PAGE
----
Between them, Littleville Lake and Knightville Dam in Massachusetts both have served the people of New England by keeping dangerous floodwaters at bay for a total of 125 years. Local representatives joined members of the New England District team in commemorating the 75th anniversary of Knightville Dam and the 50th anniversary of Littleville Dam, at an event held in Huntington, Massachusetts, Oct. 8.
Matthew Coleman, Park Manager of both projects, welcomed the audience and introduced the event’s speakers. Steven Lehmann, Operations Manager, Lower Connecticut River Basin, spoke on behalf of the District. “This is a significant milestone for the U.S. Army Corps of Engineers and for the Commonwealth of Massachusetts,” he said. “These flood risk management protection projects have protected the citizens of this community, the region and the Commonwealth of Massachusetts for 50 years in the case of Littleville Lake and 75 years in the case of Knightville Dam. That’s quite an accomplishment.”
According to Lehmann both dams are just part of the comprehensive flood risk management protection system for the Lower Connecticut River Basin which consists of five reservoirs, and the New England Region, which consists of 35 dams and reservoirs, 112 local protection projects and five hurricane protection barriers.
“These projects are great examples of applied engineering and science successfully mitigating flood risk and damage, and adding immeasurable value to the region,” he said. “These dams have protected downstream citizens in Massachusetts for 75 years in the case of Knightville Dam and 50 years in the case of Littleville Lake dam. They have proven to be a very successful investment of time and money, together preventing more than $490.8 million in flood damages since their construction.”
The Operations Manager said that the District has enjoyed a long flood risk management protection partnership with the citizens of this region and sees that partnership continuing long into the future.
“I hope our successors will stand right here some day to commemorate future anniversaries and envision an even greater future for the region and the Corps of Engineers, and for future generations, and am truly confident our partnerships will remain strong,” he said.
In addition to flood risk management, the lands around the two dams have various recreational opportunities for the public to enjoy. “Today Knightville Dam draws over 41,000 visitors and Littleville Lake draws over 39,000 visitors annually, who enjoy boating, picnicking, fishing, nature study, hunting, cross country skiing, snowmobiling and more,” said Lehmann. “”Additionally the projects provide continued support to the local businesses and the economy in the region.”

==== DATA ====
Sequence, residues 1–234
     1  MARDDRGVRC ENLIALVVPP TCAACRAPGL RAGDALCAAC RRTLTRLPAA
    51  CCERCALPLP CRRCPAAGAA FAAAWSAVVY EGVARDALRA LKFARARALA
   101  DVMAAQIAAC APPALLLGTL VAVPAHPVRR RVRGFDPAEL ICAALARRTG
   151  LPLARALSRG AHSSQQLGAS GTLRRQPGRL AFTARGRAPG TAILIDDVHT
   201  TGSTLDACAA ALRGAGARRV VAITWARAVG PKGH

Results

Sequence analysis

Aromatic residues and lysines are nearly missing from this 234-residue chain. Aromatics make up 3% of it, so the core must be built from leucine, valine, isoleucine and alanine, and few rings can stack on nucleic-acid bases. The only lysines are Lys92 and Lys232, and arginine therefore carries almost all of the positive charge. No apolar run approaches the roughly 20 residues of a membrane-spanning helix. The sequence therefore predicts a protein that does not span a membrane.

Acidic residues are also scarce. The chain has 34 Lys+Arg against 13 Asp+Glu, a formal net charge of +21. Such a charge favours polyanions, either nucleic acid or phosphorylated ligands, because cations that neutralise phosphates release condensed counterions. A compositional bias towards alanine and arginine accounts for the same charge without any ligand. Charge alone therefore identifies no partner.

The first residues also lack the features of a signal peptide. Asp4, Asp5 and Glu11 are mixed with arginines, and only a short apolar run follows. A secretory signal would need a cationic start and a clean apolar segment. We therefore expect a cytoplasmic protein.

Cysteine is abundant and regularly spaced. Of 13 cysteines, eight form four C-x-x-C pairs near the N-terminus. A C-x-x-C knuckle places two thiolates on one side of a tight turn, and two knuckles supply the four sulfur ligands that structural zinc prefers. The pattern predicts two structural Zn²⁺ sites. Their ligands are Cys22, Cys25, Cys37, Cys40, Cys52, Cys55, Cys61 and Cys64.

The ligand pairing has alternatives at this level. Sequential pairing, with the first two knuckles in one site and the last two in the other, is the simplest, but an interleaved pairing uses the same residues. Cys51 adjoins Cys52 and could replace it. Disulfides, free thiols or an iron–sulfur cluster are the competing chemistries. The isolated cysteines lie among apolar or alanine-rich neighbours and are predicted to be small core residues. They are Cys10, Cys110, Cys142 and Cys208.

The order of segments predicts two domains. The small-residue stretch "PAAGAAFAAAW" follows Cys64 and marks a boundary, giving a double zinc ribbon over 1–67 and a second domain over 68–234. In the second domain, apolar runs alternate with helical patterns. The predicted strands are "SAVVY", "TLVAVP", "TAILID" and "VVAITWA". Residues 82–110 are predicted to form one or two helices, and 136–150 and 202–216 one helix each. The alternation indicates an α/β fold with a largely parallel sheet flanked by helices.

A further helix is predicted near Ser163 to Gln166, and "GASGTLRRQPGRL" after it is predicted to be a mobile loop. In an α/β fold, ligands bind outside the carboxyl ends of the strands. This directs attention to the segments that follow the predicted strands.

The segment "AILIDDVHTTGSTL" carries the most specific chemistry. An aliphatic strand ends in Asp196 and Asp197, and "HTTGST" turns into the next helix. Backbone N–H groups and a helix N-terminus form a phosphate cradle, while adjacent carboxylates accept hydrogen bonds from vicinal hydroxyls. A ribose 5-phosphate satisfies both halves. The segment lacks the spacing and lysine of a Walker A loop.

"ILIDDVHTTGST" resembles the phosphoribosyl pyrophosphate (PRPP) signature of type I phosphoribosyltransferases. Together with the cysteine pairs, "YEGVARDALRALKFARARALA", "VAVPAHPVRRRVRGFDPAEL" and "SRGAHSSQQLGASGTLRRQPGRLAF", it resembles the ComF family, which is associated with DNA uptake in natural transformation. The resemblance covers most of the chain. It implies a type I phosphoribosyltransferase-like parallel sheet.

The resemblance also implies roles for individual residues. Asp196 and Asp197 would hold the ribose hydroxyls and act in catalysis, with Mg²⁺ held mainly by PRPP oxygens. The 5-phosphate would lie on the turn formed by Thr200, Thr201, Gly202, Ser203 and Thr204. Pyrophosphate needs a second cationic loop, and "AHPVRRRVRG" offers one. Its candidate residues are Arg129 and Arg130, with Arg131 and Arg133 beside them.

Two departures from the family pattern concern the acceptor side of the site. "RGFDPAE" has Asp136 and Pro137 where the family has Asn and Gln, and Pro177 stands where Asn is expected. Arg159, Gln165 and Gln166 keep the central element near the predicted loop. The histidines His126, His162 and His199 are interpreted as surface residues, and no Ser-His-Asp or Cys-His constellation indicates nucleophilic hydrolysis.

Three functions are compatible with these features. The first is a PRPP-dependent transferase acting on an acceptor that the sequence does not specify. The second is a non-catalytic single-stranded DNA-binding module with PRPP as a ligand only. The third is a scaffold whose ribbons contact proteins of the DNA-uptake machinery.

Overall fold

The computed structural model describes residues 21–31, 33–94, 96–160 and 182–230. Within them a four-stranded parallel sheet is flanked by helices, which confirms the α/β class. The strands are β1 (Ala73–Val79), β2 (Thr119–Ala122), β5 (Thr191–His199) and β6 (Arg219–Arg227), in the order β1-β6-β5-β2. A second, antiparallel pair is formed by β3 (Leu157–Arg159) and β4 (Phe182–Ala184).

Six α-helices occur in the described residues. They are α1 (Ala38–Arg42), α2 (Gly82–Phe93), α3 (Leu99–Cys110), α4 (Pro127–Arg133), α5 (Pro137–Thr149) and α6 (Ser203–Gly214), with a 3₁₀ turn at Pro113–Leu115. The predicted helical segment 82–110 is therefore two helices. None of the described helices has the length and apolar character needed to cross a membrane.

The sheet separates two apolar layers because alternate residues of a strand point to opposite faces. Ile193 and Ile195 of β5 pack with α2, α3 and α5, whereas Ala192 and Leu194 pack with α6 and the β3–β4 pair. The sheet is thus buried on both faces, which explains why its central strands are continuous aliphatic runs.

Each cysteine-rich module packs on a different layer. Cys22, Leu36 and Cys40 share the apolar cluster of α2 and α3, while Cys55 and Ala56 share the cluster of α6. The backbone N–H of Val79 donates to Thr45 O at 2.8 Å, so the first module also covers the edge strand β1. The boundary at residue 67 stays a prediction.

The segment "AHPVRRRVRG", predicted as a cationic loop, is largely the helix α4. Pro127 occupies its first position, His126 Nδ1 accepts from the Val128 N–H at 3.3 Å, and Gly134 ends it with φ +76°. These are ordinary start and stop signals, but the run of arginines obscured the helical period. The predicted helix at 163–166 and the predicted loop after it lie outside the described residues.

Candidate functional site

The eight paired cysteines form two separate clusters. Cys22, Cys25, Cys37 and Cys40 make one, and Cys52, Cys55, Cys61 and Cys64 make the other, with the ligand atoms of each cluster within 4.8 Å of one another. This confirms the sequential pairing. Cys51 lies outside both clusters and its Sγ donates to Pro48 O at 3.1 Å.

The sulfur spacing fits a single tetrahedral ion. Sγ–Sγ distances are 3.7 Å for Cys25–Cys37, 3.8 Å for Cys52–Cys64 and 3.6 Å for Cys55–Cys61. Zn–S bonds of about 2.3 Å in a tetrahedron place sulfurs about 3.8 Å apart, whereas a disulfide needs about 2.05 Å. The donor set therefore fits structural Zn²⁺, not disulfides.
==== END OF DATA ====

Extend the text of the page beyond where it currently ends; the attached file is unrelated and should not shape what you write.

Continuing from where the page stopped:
Lehmann concluded his remarks by thanking the towns of Huntington and Chester as well as members of the New England District team who made the commemoration event possible. "I take great pride in what the U.S. Army Corps of Engineers has contributed to this community, this region, this state and this nation and the work that we do here and around the world," said Lehmann.
Other speakers at the event included John McVeigh, town of Huntington Board of Selectmen; Bob Stoops, Chief Engineer, city of Springfield Water and Sewer Commission; Bill McVeigh, Huntington Historical Society, and Jeff Penn, Huntington Representative, Westfield Wild & Scenic Rivers Committee.
Following the ceremony, participants were invited to view a display of historic photos of the reservoir area and Littleville Dam by the Chester Historical Society as well as some artifacts from the old village of Littleville. New England District team members also gave dam tours of both dams. In addition to Coleman and Lehmann, Park Rangers Colin Monkiewicz, Keith Goulet and Brooke Dube participated in the event.
Construction of Littleville Lake dam began in June 1962 and was completed in October 1965 at a cost of $6.8 million. Joe Ledgere was the first damtender for the project. Since its construction, Littleville Lake dam has prevented $152.8 million in flood damages.
Work on Knightville Dam began in August 1939 and was completed in December 1941 at a cost of $3.3 million. John Parker was the project’s first damtender. To date, Knightville Dam has prevented $338 million in flood damages.